We use passwords for everything. Our online accounts, social networks, web app logins, computer logins, phones, cloud storage, banking, shopping and a whole lot more. When the loss of a password can mean losing data, money, personal details or worse, it makes sense to make that password a good one. As part of a data loss prevention effort, Dave’s Computers is has some top tips for generating secure passwords.
First, before we begin generating secure passwords, a note about using them. Never repeat a password for more than one login. It leaves two or more accounts wide open to attack should one be compromised. If you have trouble creating or remembering your passwords, use a password manager. They are free, easy to use and will even generate secure passwords for you.
Generating secure passwords
On its own, there is no such thing as a completely secure password. All we can do is make it as difficult as possible to break so nobody but the most determined hacker will bother trying to crack it.
Hackers tend to use two main attacks. First, dictionary attacks, which use a program with a dictionary loaded into it to try all combinations of words. Second, phishing or social engineering to try to trick you into giving up your password. Secure passwords can help with that first attack but not the second so never give out your password for any reason. Ever.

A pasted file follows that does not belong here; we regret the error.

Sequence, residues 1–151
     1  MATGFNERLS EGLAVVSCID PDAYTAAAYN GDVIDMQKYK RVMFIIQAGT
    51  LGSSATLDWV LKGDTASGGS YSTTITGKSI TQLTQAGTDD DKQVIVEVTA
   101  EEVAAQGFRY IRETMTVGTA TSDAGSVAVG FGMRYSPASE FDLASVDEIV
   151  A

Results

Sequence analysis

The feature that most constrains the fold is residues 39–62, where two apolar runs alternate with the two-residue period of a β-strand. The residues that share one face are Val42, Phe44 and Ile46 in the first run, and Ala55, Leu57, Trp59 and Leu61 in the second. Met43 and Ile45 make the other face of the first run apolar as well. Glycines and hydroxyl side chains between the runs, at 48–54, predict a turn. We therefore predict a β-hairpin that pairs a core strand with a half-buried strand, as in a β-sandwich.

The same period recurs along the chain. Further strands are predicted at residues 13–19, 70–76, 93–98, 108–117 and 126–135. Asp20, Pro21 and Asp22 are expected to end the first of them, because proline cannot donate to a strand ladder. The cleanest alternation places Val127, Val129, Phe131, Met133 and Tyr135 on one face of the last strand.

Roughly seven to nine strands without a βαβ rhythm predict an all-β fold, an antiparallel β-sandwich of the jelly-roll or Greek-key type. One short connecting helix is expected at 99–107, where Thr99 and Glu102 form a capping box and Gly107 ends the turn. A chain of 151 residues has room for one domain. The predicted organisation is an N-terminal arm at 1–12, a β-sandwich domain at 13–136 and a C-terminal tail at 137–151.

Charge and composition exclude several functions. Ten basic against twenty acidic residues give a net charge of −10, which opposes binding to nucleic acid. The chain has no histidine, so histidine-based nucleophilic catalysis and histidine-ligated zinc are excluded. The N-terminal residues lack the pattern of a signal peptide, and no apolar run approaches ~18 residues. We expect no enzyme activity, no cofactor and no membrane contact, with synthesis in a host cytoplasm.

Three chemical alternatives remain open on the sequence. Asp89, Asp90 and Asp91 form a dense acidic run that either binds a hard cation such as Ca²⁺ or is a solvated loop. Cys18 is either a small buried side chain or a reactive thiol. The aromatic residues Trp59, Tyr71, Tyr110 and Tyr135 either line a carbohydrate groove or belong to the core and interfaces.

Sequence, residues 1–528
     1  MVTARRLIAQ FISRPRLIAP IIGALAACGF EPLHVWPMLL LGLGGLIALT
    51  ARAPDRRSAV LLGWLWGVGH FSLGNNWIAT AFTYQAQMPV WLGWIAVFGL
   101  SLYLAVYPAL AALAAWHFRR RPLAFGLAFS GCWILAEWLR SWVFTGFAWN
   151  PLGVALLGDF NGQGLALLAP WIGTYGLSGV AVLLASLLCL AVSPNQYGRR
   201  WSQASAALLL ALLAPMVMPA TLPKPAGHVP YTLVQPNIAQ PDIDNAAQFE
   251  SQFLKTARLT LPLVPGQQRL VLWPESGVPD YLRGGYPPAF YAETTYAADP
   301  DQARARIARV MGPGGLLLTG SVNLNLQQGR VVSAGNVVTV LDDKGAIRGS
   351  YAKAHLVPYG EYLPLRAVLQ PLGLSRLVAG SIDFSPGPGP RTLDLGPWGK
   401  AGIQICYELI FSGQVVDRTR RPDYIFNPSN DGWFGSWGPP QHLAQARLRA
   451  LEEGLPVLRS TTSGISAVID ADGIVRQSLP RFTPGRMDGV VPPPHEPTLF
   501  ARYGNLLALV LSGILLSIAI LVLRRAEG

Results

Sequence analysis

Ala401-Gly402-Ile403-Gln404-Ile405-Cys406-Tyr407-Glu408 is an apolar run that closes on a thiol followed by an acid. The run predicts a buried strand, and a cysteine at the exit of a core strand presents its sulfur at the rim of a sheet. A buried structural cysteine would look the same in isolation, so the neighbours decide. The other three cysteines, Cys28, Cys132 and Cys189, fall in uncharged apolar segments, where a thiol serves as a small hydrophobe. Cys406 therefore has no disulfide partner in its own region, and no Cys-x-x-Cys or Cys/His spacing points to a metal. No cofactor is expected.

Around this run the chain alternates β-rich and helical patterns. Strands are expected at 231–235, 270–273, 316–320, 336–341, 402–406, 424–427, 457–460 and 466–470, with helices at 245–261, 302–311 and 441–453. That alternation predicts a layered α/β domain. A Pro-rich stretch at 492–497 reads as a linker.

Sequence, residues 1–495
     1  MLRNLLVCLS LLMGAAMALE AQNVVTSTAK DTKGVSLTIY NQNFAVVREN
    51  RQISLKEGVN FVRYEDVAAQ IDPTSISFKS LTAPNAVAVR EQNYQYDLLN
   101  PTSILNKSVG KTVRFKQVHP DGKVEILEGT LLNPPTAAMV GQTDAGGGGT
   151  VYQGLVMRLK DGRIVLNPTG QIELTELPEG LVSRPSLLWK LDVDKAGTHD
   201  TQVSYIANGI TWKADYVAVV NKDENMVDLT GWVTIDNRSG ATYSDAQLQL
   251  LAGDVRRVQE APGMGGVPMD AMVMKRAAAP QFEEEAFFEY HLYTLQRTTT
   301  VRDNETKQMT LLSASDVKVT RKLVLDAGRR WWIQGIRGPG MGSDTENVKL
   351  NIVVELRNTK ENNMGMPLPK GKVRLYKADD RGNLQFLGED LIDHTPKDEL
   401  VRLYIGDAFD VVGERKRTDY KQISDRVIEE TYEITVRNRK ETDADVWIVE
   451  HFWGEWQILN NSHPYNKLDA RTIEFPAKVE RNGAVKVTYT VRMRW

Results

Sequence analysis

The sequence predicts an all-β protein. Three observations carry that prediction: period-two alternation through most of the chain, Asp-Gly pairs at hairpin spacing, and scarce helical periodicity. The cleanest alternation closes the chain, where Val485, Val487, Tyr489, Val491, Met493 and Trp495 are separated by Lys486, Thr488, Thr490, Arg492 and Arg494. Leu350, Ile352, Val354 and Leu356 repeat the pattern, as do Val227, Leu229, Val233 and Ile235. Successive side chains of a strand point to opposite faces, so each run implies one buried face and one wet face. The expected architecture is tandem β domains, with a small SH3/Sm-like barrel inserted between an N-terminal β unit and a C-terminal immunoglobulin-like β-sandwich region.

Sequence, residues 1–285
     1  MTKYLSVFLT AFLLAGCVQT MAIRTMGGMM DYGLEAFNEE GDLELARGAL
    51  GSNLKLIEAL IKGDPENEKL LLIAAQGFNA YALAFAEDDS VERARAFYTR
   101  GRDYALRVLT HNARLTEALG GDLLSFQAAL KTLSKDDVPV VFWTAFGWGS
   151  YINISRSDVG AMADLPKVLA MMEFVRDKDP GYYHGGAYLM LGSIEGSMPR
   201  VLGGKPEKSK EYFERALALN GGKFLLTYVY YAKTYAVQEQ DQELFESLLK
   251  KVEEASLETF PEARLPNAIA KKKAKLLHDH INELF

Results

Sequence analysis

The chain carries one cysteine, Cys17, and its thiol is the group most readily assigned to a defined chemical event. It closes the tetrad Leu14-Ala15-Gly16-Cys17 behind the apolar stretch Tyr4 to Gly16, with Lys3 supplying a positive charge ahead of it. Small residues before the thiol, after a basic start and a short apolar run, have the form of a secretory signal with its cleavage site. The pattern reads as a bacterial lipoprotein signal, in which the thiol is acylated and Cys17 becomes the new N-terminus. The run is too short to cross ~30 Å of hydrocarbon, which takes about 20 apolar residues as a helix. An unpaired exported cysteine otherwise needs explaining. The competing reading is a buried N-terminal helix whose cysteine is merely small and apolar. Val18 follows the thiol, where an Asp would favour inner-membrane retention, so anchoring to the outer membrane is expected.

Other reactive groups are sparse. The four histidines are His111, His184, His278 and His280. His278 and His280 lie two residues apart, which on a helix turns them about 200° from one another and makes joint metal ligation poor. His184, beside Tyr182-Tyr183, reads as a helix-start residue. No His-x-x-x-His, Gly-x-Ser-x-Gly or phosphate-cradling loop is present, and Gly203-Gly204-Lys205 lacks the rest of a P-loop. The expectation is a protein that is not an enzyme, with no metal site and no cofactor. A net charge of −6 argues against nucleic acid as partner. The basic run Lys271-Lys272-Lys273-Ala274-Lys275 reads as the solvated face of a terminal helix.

Here are those tips for secure passwords:
- Always use a different password for every login.
- Use a password manager if you can.
- Use a mixture of lower case, upper case, special characters and numbers.
- Use a passphrase instead of a single word. The first line of a book, a line from a song, album title or random phrase. Just make sure you can remember it!
- Use random words from different languages. Try Latin, Aramaic, Hebrew and other historical languages to create a phrase.
- Use a color and object with a number or special character. Purp1eistheM0nkey! for example.
- Always use a minimum of 10 characters for any single password. More is better as long as you can remember them.
- It’s okay to write longer passwords down as long as you don’t lose the paper.
- Use a password reminder sheet if you don’t want to write the password in plain text.
- Never, ever give out your password if someone asks. Nobody should ever need them unless you know or trust them.
Passwords have been around forever and show no signs of going anywhere soon. Generating and managing them is hard work in the volume that we tend to need to create them. However, there is no option but to keep them unique and make them hard to guess!